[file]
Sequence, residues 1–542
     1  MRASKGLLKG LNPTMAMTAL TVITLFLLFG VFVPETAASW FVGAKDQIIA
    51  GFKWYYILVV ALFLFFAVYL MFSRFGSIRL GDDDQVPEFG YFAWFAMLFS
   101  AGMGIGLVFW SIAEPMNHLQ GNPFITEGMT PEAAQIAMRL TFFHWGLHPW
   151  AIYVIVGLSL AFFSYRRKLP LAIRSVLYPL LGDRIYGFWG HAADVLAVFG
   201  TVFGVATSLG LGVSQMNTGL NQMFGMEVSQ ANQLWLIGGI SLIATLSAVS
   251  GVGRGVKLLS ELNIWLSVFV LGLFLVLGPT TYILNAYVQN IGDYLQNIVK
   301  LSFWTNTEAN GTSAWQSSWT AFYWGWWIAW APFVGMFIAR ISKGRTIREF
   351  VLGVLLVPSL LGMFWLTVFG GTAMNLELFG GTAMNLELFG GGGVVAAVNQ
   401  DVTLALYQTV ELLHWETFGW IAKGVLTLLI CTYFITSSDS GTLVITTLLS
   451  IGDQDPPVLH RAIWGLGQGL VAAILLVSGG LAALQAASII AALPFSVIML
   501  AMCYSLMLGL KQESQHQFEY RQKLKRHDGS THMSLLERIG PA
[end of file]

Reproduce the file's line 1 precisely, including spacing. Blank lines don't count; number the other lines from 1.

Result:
Sequence, residues 1–542